The Kinney Center for Autism Education and Support at Saint Joseph’s University (SJU) is transforming outcomes for individuals impacted by autism through a two-fold mission to educate and train the autism professionals of tomorrow, while supporting and serving the individuals and their families affected by autism today.
The Kinney Center has expanded rapidly since its founding in 2009. Fueled by strong demand for evidence-based behavioral health services for individuals with autism, it now serves over 800 individuals each year at all stages of the lifecycle while training 105 SJU undergraduates through the SCHOLARS program.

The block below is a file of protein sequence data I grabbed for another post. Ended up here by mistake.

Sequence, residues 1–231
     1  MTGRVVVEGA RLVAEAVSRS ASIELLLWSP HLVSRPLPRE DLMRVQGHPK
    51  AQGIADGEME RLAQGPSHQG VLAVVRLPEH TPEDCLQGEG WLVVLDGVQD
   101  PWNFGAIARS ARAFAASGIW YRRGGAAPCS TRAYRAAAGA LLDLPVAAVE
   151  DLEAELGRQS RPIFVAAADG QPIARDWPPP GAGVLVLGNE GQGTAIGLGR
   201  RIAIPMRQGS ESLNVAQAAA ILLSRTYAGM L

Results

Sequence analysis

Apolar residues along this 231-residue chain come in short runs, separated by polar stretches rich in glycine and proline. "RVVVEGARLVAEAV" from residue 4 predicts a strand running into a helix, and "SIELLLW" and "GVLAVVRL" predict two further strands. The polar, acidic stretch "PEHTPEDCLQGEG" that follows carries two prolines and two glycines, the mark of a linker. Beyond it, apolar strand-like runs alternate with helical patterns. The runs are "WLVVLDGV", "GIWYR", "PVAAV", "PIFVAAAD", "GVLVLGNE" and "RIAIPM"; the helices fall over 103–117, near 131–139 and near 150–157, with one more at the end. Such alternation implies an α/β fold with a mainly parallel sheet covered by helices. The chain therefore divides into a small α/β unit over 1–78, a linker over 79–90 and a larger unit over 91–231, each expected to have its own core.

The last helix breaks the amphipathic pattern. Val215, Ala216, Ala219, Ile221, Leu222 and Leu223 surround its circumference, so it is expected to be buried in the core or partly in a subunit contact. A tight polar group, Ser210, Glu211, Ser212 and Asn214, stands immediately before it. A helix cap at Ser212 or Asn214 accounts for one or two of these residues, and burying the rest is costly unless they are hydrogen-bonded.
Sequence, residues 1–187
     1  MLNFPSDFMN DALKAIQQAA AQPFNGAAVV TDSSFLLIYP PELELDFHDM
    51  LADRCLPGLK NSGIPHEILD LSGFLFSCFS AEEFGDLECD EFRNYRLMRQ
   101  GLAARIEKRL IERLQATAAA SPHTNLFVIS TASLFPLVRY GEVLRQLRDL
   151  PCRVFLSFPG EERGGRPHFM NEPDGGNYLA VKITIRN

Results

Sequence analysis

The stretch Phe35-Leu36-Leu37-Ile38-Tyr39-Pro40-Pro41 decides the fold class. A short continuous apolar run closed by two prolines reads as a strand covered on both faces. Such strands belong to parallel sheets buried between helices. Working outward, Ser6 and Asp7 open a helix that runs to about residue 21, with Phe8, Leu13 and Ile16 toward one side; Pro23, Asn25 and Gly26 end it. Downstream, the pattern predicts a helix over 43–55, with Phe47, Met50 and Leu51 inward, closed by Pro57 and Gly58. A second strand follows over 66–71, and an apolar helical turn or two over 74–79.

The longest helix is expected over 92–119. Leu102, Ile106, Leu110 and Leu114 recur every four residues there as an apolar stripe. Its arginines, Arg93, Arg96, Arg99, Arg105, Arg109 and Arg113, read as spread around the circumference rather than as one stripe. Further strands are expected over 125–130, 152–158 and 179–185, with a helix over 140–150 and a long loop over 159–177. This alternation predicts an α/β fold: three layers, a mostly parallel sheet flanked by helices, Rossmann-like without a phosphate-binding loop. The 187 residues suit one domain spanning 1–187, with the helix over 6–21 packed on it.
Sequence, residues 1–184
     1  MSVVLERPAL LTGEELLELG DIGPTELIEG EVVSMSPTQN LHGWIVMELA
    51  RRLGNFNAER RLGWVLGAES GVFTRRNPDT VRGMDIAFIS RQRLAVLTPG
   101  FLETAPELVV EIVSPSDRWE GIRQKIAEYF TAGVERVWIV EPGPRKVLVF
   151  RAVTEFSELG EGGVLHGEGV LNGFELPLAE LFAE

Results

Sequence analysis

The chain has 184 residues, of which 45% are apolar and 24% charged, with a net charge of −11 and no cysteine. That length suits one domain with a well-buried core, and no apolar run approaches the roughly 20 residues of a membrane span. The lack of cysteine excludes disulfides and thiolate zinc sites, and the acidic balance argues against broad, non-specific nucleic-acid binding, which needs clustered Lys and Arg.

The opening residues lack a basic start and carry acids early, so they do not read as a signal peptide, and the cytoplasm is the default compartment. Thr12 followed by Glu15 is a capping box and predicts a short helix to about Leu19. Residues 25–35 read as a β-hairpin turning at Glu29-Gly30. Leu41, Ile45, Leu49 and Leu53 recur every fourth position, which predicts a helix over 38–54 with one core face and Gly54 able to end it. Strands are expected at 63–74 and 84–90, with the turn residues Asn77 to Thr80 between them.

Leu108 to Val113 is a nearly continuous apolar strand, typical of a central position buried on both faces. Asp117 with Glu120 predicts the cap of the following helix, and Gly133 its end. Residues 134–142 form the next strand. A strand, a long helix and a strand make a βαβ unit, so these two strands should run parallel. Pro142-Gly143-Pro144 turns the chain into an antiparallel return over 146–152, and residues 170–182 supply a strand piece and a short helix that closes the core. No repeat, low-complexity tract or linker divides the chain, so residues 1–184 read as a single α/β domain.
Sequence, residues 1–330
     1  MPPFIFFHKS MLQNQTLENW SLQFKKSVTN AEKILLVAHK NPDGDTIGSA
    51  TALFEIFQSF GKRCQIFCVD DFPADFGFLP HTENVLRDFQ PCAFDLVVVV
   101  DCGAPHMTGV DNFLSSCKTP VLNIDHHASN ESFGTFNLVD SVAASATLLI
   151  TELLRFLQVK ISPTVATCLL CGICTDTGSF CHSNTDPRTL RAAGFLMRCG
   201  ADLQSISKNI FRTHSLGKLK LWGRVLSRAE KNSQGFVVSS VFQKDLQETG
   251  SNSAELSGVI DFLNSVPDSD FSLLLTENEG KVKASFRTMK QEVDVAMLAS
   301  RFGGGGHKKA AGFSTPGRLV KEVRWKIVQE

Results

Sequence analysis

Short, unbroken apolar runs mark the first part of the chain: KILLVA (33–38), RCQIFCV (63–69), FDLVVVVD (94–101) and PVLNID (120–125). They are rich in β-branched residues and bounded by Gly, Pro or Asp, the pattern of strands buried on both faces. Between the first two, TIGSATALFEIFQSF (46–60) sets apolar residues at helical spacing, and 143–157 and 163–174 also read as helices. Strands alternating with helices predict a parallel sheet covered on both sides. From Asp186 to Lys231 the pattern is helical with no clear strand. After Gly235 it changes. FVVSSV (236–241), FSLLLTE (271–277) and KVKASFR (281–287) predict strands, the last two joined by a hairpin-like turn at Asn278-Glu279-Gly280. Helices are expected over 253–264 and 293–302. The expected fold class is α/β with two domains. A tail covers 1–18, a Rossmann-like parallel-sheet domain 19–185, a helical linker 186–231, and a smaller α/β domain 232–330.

The SCHOLARS program prepares future professionals to have an immediate impact in the field of autism through 40 hours of annual summer classroom training and 20 hours of additional training throughout the year on the principles of applied behavior analysis (ABA) consistent with the of the Behavior Analyst Certification Board (BACB)’s Registered Behavior Technician (RBT) Task List, autism spectrum disorders, classroom management tools, behavior protocols, CPR/First Aid, ad crisis prevention/intervention techniques. Three Board Certified Behavior Analysts led all trainings. SCHOLARS receive hands-on training supporting individuals with autism age 3 to 60 in Kinney Center programs, acquiring over 2,000 hours of professional experience by their college graduation.